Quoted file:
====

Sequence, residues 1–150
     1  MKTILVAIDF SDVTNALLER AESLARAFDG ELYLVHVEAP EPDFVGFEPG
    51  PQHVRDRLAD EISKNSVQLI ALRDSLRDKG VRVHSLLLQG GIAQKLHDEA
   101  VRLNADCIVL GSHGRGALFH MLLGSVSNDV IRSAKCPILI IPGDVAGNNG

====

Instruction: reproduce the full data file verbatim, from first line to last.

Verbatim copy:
Sequence, residues 1–150
     1  MKTILVAIDF SDVTNALLER AESLARAFDG ELYLVHVEAP EPDFVGFEPG
    51  PQHVRDRLAD EISKNSVQLI ALRDSLRDKG VRVHSLLLQG GIAQKLHDEA
   101  VRLNADCIVL GSHGRGALFH MLLGSVSNDV IRSAKCPILI IPGDVAGNNG